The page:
At the big Republican debate the Thursday before the Ames straw poll, Bachmann said:

“I sit on the House Select Committee on Intelligence. I can’t reveal classified information, but I can say this: As president of the United States, I will do everything to make sure that Iran does not become a nuclear power.”

By the way, I hope to add a piece soon about some of the more extreme policy positions Bachmann took in 2006, many of which also have not been part of the current review. One of them was an unwillingness to rule out the use of U.S. nuclear weapons against Iran.

Plus ca change, plus c’est le même chose.

A few last sillinesses from the “plus ca change” department.

When my original post containing just the verbatim Bachmann quote was published, the very first comment, from one of the righty trolls who pseudonymously inhabited my old Strib blog, asked why the Strib didn’t use a more flattering mugshot of Bachmann.

The second commenter wondered why her Iran comments were news two weeks after she had originally made them to the St. Cloud paper.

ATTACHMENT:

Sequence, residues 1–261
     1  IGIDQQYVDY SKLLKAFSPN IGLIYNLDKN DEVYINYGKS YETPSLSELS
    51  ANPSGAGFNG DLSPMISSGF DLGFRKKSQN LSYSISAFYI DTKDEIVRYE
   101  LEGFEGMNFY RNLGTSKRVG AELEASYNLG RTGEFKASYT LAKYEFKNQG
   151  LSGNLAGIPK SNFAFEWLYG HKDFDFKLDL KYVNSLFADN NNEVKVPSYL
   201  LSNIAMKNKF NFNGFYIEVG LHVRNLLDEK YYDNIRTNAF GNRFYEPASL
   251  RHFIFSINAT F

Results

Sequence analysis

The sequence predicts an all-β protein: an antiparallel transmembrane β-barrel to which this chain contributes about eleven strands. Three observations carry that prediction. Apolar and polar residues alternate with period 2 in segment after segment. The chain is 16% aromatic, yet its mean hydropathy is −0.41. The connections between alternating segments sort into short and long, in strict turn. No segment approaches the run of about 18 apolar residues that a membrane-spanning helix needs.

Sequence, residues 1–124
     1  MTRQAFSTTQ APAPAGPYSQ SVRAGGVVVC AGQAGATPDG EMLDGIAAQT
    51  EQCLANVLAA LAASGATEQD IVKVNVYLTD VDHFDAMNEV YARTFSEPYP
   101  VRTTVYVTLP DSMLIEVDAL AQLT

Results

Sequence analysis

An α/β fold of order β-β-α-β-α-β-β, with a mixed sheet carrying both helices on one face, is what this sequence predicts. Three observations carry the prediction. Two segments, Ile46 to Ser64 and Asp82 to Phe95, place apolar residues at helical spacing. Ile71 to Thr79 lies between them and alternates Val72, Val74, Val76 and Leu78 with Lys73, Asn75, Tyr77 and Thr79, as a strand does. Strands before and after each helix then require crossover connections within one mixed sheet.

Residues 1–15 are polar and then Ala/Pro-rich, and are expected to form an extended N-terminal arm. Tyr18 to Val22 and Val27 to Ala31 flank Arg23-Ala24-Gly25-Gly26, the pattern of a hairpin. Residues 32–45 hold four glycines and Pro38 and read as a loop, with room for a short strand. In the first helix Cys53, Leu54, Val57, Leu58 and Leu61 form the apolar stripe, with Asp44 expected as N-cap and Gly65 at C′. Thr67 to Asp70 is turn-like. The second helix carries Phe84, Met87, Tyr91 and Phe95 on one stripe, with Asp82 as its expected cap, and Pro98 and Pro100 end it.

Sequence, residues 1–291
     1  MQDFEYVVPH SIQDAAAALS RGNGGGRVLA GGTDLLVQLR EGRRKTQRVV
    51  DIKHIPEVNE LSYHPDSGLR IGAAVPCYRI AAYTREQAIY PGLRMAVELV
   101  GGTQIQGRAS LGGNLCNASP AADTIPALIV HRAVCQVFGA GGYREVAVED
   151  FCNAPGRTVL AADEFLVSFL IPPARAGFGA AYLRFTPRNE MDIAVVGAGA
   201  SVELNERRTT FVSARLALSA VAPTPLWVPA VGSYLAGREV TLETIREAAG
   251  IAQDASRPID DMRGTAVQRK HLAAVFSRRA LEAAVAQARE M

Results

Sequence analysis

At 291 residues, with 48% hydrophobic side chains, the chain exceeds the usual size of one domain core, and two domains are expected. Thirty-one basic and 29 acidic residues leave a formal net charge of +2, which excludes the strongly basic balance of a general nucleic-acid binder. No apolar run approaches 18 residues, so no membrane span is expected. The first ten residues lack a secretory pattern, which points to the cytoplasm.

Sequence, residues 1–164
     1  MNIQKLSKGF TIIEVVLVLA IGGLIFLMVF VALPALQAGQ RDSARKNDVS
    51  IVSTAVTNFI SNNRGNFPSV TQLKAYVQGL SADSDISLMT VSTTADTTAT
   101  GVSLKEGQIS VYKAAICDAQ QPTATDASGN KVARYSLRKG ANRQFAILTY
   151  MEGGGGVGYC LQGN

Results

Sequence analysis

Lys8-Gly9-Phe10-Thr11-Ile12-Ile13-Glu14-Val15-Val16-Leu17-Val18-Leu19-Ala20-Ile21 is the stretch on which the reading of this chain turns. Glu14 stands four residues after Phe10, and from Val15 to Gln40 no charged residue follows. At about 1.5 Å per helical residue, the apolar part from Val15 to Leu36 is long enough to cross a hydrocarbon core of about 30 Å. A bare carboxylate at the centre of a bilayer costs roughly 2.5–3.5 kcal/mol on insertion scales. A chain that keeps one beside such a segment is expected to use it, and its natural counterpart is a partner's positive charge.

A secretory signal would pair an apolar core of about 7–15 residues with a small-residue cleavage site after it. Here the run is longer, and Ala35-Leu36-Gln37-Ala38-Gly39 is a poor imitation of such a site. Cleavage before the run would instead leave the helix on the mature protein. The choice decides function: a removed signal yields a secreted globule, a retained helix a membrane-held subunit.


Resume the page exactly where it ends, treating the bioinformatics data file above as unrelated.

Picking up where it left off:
Local righty radio talker Jason Lewis took to the air to defend Bachmann by impugning my integrity. My recollection is that Lewis alleged that my attention had originally been called to the St. Cloud podcast by one of the Minnesotans who contributes to the DumpBachmann blog. This is true. And certainly the DumpBachmannites are not fair and balanced in their attitude toward the congresswoman (as Jason Lewis is).

But so what? She’s a congresswoman. She said what she said. She never backed it up nor retracted it. But to Jason, it was a scandal of biased journalism.

Lewis described me as “on bended knee” to the “lesbians” who want to dump Bachmann.

I know Jason a little. So, after I heard about the show, I asked that if he is ever going to publicly attack me by name again, he should offer me a chance to come on the show and defend myself. He said that he was under no obligation to do so (quite an expert on fairness and objectivity, he), but that since he liked me, if a similar occasion ever arose again, he would try to remember to call me.

And finally, this week, speaking in her old hometown of Waterloo, Iowa on the day after her big Saturday win in the Ames Straw Poll, Bachmann promised “to be bold, new, different” and on national security, she vowed to “take off my politically correct glasses and look exactly at the threats that the United States is facing today.”

Eric Black is a former reporter for the Star Tribune and Twin Cities blogger. He writes about politics and government of Minnesota and the United States, the historical background of topics and other issues. Click here to view Eric’s previous postings at former blog, Eric Black Ink. He can be reached at eblack [at] minnpost [dot] com.